As a rule, I’m willing to take at least one “you must read this” recommendation from each friend and acquaintance, more in the case of someone I’m closer to or have reason to think has similar tastes to my own. Sometimes they don’t even realize they’ve given me a recommendation. The advantage of this is a greater variety in reading material and education than I might come to on my own. Those lacking such recommendations can always look into literature classes via this course finding site.
An old friend that I’ve mostly lost touch with mentioned The Death and Life of Great American Cities years ago. At the time he was thinking about studying architecture, but he still has the book listed on his Facebook profile even today, so that seems as good an endorsement as any.
The book is 50 years old now, and its influence on the field is obvious even to me. I recognize her ideas from the little bit of previous reading I’ve done on city planning/urban development, and now I get to hear it straight from the horse’s mouth.
Tthere’s an obvious comparison tomake between healthy neighbourhoods and healthy ecosystems. The different aspects of a neighbourhood, different businesses, residences, and public areas all feed off of and depend on each other. Thus, mixed-use land that develops organically tends to beat out hierarchical, planned and zoned neighbourhoods. Just as biodiversity is required for a healthy ecosystem.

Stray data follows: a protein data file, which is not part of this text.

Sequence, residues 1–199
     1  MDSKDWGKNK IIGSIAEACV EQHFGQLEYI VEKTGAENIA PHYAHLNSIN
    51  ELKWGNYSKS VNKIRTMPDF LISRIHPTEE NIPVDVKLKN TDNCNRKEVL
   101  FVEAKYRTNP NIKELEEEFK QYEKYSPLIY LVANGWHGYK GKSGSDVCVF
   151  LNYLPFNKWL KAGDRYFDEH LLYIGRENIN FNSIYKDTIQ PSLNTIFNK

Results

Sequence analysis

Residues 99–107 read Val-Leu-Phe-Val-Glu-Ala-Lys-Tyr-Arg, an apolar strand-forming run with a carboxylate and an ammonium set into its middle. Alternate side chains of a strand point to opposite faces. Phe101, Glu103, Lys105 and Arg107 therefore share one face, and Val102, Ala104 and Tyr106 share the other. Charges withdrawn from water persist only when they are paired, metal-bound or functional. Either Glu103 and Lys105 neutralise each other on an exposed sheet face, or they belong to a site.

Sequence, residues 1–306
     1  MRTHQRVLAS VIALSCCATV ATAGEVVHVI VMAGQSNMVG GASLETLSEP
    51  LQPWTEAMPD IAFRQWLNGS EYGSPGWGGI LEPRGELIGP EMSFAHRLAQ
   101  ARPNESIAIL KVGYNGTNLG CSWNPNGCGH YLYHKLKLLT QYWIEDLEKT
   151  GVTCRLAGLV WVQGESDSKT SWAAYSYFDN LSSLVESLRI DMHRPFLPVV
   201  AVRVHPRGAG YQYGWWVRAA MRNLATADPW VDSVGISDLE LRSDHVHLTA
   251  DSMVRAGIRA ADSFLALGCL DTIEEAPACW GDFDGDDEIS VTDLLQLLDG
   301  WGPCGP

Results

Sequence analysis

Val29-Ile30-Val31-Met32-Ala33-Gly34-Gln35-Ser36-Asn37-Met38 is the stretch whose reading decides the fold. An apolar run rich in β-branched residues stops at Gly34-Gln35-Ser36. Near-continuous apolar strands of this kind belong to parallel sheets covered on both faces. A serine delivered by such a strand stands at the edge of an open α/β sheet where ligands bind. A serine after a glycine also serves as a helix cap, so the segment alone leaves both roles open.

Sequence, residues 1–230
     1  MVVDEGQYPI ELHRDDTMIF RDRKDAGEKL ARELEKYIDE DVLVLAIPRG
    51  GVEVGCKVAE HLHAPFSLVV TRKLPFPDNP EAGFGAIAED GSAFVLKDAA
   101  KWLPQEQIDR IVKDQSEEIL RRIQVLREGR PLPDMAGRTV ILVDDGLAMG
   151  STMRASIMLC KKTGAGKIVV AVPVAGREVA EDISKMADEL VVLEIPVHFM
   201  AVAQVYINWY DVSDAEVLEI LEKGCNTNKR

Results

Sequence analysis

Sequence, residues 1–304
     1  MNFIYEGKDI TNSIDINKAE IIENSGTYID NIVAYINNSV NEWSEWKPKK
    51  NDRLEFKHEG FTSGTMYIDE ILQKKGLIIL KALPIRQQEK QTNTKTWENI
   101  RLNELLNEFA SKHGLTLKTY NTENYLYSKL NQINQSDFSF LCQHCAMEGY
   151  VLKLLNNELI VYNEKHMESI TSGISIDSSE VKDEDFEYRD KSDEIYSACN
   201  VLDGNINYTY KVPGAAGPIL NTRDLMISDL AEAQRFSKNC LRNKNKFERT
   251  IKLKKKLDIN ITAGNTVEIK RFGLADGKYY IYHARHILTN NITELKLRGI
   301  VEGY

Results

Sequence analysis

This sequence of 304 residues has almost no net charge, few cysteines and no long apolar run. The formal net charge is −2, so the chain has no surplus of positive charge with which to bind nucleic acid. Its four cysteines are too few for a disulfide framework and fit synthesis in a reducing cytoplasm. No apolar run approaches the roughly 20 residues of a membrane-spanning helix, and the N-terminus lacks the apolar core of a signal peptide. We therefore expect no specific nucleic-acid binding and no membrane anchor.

It makes sense when you think about it. No one wants to live in downtown Winnipeg because there’s very little parking, limited options for grocery stores or other amenities. There’s a giant arena, but that just means people who can afford to migrate in for an event and then leave when it’s over. They come downtown for a single event but don’t stick around; of course they live elsewhere.
The idea of publicly building a major designed cultural centre to renew an area is 50 years out of date. Jacobs explained in 1961 why this fails to work, time and again. Why don’t our own politicians know better?
Compare our downtown to a vibrant area like Osborne Village, where the sheer amount of diversity, and the combination of business and residential use keep the place busy all night. Everything feeds on everything else. It’s symbiosis. Downtown is most active during the day, when the nine-to-five crowd migrates in for work, but dies at night.
This might be oversimplifying, but isn’t it astounding how cities can spend massive amounts of public money on initiatives that do not reach their goals? Shouldn’t the people making the decisions have more training and education before being called on to make or approve such proposals?